During the 1986-1987 National Series, Pacheco scored 40 runs to tie Linares for the lead. He led the 1987 Selective Series in hits (88) and tied three others for the lead in doubles (16). In the 1987 Pan American Games, Pacheco batted .429 with 13 runs as Cuba edged the US for yet another title. In the 1987 Intercontinental Cup, the second baseman hit .396 with a leading three triples. He made the All-Star team at second base. He now had 7 Gold Medals in 7 international events.

In the 1988 Baseball World Cup, he hit .479/.528/.667 with 14 runs, 10 RBI and four stolen bases in 13 games. He tied for 5th in steals, tied Robin Ventura for the most hits (23) and was second to Lourdes Gourriel Sr. in batting average. He went 0 for 3 with a walk and a run in the close Gold Medal game win over Team USA. He made the Cup All-Star team at second base.

Pacheco hit .333 in the 1989 Intercontinental Cup. In the 1990 Central American and Caribbean Games, Antonio batted .485 and led in hits (16). He helped Cuba win the 1990 Goodwill Games. In the 1990 Baseball World Cup, the veteran hit .378/.391/.667 with 4 homers, 15 runs and 17 RBI in 10 games. He tied Víctor Mesa for 4th in RBI (15) and tied Gourriel for third in home runs behind Orestes Kindelan and Linares. Julio Medina beat him out for the tournament All-Star team slot at second base.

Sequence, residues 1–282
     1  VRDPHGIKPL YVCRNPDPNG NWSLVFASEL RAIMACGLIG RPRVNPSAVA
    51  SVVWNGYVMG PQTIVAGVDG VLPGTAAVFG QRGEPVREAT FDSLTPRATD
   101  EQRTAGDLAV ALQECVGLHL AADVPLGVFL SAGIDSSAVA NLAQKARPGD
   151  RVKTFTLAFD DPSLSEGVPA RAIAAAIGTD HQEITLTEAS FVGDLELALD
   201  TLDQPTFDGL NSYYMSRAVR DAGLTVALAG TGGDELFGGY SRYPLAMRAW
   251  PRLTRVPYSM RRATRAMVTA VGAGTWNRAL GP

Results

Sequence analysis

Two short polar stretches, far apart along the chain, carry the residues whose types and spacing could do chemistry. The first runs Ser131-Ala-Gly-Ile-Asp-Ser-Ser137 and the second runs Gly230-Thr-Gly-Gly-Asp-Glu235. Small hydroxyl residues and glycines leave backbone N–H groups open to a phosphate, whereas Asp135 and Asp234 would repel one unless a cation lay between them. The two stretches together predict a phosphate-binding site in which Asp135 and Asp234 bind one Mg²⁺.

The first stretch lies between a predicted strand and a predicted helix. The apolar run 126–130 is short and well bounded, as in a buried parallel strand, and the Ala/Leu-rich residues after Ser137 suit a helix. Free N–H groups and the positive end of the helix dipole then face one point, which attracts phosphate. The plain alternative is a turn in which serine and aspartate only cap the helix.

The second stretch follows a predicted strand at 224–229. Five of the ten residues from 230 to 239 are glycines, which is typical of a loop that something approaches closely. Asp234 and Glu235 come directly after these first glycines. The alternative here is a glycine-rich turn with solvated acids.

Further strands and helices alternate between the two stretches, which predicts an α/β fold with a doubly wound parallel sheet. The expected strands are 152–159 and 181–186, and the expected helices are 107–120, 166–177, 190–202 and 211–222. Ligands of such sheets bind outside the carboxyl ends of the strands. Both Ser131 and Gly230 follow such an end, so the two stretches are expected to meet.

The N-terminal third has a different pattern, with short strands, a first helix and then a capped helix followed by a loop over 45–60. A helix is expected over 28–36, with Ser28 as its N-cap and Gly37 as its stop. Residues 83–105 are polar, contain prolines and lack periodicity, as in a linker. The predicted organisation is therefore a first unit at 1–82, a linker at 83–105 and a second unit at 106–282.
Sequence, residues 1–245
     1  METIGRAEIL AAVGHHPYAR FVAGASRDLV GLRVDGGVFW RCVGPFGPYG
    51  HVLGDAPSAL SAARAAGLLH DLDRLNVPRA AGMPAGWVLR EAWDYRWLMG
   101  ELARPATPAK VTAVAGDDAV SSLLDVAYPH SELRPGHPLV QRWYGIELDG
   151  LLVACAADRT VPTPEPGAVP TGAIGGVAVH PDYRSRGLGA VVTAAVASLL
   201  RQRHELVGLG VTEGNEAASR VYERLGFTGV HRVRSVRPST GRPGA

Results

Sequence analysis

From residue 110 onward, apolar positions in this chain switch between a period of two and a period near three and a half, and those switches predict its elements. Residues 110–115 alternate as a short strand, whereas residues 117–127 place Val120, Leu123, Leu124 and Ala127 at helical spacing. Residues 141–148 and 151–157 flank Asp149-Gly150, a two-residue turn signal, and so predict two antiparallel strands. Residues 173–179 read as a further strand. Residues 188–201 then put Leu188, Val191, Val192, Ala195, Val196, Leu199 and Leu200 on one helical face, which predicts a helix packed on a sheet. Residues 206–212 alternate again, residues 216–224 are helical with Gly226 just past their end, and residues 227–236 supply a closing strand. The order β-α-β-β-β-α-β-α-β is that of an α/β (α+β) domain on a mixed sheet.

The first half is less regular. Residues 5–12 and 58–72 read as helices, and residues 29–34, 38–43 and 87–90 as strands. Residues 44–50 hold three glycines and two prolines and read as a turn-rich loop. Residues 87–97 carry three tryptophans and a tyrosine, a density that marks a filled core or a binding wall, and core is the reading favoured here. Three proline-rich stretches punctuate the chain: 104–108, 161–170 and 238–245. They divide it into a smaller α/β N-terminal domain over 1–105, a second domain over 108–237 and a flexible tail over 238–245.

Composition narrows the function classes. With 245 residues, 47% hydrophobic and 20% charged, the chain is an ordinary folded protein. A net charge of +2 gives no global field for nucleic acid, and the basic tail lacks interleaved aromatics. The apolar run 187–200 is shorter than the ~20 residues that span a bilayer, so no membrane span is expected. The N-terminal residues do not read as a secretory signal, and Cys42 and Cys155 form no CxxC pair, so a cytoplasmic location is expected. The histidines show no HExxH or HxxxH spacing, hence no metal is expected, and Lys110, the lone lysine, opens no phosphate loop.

Pacheco continued to shine in the 1991 Pan American Games, hitting .545. He led the competition in average, hits (18) and RBI (15) and tied German Mesa, Víctor Mesa and Linares for the most runs (13) en route to claiming the MVP award for the Games.